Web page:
Brandon Mebane, Russell Okung get a homecoming of sorts

COSTA MESA, Calif. -- Brandon Mebane shrugged his shoulders and sighed when asked about facing his former team, the Seattle Seahawks, for the first time as a pro on Sunday.

"I haven't been up there since I left," Mebane said. "It will be nice to see the stadium once again. I had a lot of good memories up there -- good, bad and in the middle.

"Obviously, it's different. But football is the circle of life. It's like the Lion King, you know what I mean? One king falls and the next one is crowned. It's a revolving door."

Selected in the third round of the 2007 draft by the Seahawks out of Cal, the 33-year-old Mebane played nine seasons in Seattle before departing to the Los Angeles Chargers in free agency three years ago.

His former teammate in Seattle, left tackle Russell Okung joined the Chargers two years ago in free agency. Mebane serves as a co-captain on defense and Okung a co-captain on offense, helping to fill a leadership void with their championship experience.

"Those guys were right in the middle of all of it," Seahawks head coach Pete Carroll said about the two. "They were consistent, high performers, and good personalities on the team. Everybody loved Brandon. He was a really unique player and all that. He was here before we got here, so he was kind of one of the old guys that represented the change, and he really took to our style.

"Russell was always an upbeat and active guy, a good communicator. They were great Seahawks when they were here."

Only five players remain on the current roster in Seattle from the Seahawks team that won the Super Bowl after the 2013 season. At the time, Mebane had been the longest-tenured player on the roster.

"It was magical," Mebane said about his time in Seattle. "It was a blessing to be a part of all of that stuff, the memories and relationships we created with everybody -- it's something you tell your kids about some days -- when the games come on and I'm 65 years old, just sitting there watching TV."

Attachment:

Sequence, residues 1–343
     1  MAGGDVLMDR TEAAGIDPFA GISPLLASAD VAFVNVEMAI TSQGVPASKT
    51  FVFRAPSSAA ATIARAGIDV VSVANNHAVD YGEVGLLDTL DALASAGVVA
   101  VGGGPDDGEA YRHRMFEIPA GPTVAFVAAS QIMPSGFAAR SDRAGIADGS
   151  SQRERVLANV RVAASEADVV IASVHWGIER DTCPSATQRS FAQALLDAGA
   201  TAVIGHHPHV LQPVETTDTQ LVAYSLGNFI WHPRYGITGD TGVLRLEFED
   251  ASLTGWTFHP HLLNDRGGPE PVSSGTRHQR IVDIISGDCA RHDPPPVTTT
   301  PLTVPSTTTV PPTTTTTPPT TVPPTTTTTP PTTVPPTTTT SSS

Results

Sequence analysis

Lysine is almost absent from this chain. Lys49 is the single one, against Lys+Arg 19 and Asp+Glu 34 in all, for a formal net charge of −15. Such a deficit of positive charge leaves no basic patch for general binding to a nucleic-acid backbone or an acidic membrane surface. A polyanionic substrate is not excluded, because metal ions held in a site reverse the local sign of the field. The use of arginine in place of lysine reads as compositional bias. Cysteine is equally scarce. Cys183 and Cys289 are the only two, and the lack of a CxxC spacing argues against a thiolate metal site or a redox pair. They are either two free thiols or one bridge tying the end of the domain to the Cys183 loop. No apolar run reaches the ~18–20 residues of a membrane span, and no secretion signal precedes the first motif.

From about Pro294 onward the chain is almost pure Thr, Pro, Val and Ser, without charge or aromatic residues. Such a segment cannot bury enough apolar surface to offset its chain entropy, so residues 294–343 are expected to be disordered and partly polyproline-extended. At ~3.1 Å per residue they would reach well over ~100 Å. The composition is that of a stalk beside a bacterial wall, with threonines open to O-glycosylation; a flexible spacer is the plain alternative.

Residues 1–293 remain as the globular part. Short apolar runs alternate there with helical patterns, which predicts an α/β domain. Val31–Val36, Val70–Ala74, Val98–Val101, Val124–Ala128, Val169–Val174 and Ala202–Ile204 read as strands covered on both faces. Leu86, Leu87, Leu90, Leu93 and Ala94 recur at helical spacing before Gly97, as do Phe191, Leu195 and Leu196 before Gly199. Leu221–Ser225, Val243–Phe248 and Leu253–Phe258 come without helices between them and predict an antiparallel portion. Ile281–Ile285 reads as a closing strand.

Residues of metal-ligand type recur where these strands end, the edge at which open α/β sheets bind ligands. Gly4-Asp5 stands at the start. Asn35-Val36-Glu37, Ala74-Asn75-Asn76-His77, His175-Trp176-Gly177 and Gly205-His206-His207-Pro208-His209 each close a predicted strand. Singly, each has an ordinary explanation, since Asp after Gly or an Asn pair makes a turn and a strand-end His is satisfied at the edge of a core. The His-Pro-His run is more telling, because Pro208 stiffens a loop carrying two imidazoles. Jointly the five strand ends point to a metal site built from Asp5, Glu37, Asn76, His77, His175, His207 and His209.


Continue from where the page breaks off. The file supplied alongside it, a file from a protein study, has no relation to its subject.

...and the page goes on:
Okung, 30, said he doesn't know how he's going to feel competing at CenturyLink Field for the first time as a member of the opposing team.

"I'm excited," Okung said. "I know playing in that sort environment, I know how loud it can get, and how the fans can be. It's going to be interesting having them not cheer for me, but against me."

Joining Mebane and Okung in the return to Seattle is Gus Bradley, who served as the defensive coordinator for the Seahawks for four seasons.

Bradley credited Carroll for his growth as a coach.

"He's had tremendous impact on me as a coach," Bradley said. "I think he's very analytical as far as studying tape, watching tape and trying to see how to affect different offenses -- and his attitude and the way he works day after day, his energy level.

"When you're with him for four years, like I was, and you saw it day after day, it's pretty impressive. They've lost a lot of guys since I've been there. I don't know many of the guys on the roster anymore, but the style of play is very similar. They a lot of energy."

Mebane also will be playing with a heavy heart. His wife Amena and two kids -- 4-year-old Mahailey and 2-year-old Makai -- are in Omaha, Nebraska, receiving medical assistance with the birth of his third child, Makenna, who has a defective heart condition.

The couple's daughter has been diagnosed with a heart condition, and Mebane's wife is in Omaha, where specialists can treat their child's specific condition.

"It's just having that feeling of playing for her," Mebane said. "My wife has been in and out of the hospital with checkups and stuff like that. So just playing for her, my kids and my family has given me motivation and been a boost."